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    2. I'm with you, introvert. Low cut blouses, skirts the size of postage stamps, halter tops - okay, we accept that's just the way teenage girls dress. But can't we draw the line at lingerie (because you'd buy this sort of sexy sleepwear in the lingerie department)? And those who stare are the ones with the problem? I mean, we don't live in a vacuum!

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  6. Professional dress should be expected in any professional environment. So, you could take that track.

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  7. I've considered including a "respectful dress" clause in my syllabus, not so much because of women's dress as to try to cut down on t-shirts with messages I find offensive enough to constitute a distraction, if only to me who has to look at them for 50 minutes. I haven't figured out how to word it, though.

    As a general rule, could any clothing that would be considered exploitative if a picture of it appeared on a man's shirt be considered out of bounds?

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    1. The Matt Taylor rule. I like it! (Though it may be unfair to attach his name to it, since he made what strikes me as a genuine, unqualified apology -- a rare and precious thing these days).

      Parallel approach: if using a photograph of a woman in said garb as one's screensaver, or posting it in one's cubicle, might be seen as creating a "hostile work environment," then it's out.

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    2. You can enter me as a "ditto" for CC's approach to inappropriate dress. Fortunately I'm at a midwestern, religiously-affilicated SLAC so I haven't had to address this problem. Now, what counts as "normal" dress isn't like it was back in the Iron Age when my parents were that age, but that's the way it goes.

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  8. At the place where I used to teach, the administrators were concerned about creating a "safe learning environment" and making the students "comfortable". Unfortunately, they never really defined what that was. When pressed for clarification, they always fell back on that student-as-customer phrase: "meeting or exceeding their needs and expectations".

    Of course, it was all bafflegab. One was expected to "know" what was permissible or otherwise acceptable, and that included student apparel. Woe betide that instructor, however, whose standards were considered objectionable by one of the "customers". (I got into trouble once because a student wore an outlandishly large hat on Hallowe'en. I found it distracting and told him to take it off. Never mind the fact that if he had turned his head, he could easily have smacked one of his classmates in the face with it. However, my departmental superiors soon heard about it and, of course, weren't amused by my apparent lack of judgement.)

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  9. Another possibility is to decline to police dress, and ask your college administration to do so. The student who is under-dressed in your class is also under-dressed in other classes, and under-dressed on campus, even that means just the public areas of a dorm complex. If other students are distracted, male, female, or anything in between, they should complain to your administrators, not to course instructors. Just a proposal, but it addresses the problem of mission creep in classrooms....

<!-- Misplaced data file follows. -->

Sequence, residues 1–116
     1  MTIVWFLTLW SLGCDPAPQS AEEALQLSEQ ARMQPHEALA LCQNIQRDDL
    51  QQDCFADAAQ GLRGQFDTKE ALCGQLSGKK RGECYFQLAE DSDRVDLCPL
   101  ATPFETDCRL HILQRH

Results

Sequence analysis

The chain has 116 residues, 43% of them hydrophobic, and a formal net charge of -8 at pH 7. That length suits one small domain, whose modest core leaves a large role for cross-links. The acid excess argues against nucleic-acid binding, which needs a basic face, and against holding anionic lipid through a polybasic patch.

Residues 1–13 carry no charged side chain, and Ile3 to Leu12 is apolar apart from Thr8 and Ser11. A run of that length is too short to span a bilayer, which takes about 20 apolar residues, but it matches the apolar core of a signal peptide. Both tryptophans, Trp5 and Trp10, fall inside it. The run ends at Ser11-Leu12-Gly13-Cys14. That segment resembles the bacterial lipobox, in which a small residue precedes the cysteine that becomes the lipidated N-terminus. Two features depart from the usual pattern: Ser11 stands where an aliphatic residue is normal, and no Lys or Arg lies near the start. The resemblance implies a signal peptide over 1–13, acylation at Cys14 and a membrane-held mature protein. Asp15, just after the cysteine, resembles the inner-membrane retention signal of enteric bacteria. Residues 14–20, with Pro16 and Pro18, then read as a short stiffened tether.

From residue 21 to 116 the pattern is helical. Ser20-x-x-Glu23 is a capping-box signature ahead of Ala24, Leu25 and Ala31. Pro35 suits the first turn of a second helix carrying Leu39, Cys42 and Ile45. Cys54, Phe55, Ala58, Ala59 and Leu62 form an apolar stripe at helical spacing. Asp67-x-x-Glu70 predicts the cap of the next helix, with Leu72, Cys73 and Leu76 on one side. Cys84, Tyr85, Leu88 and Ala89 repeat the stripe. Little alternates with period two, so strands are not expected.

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    1. No one complained. I'm sure the guys in the class loved it. After ShirtGate it does seem a shocking double-standard.

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    2. Well, that's kinda my assumption -- but the blog says "How can this not be distracting to others..." when maybe what that meant was "distracting to the author of this blog post..." Does this fall into the same category as: I'm going to grade you down for poor grammar in your essays, but it's not my job to teach you grammar...?

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    3. Are you saying it was distracting to me, a middle aged female adjunct prof who saw her for 30 seconds, but not to her 18 year old classmates nor to her male professor who saw her for three hours? And no, it's not my job to teach her not to dress like a victoria's secret model for history class. I merely noticed that she was dressed like a tramp. Not sure why you construed this to be my problem. But sure, let's go ahead and pretend nipples and pubes aren't distracting. And might as well buy into every other student-served bullshit they foist on us, like pretending I respect her as much as a student wearing actual clothing to class. And why not take on the responsibility of teaching the little darlings how to dress appropriately since parenting is now the responsibility of college professors? What else is now my job - spoon-feeding, hand-holding, and molly-coddling?

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    4. nipples and pubes....

      "But I just saw a young woman emerge from a classroom in a flimsy spaghetti-strap tank top and tiny French knickers, along with fuzzy bedroom slippers. Belly button exposed. No bra and the nips plainly visible."

      How did the commenter know she wasn't wearing a bra? I've worn a heavy sweater with a bra and had nipples poking. Maybe I should tape off these obviously sexual-use-only bits.

      I'm confused about the pubes bit though. Where did pubic hairs get mentioned?

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  10. To clarify, it wasn't my student. But I did let one of mine wear a baseball cap that said "Back off motherfuckers" in class, even though that was a clear violation of our vague dress code *(it forbids lewd attire and I think swear words fall into that category). I let it slide because you have to pick your battles around here and it really wasn't worth it to me. I think if Ms. Nip Slip were in my class, I'd have said something to her.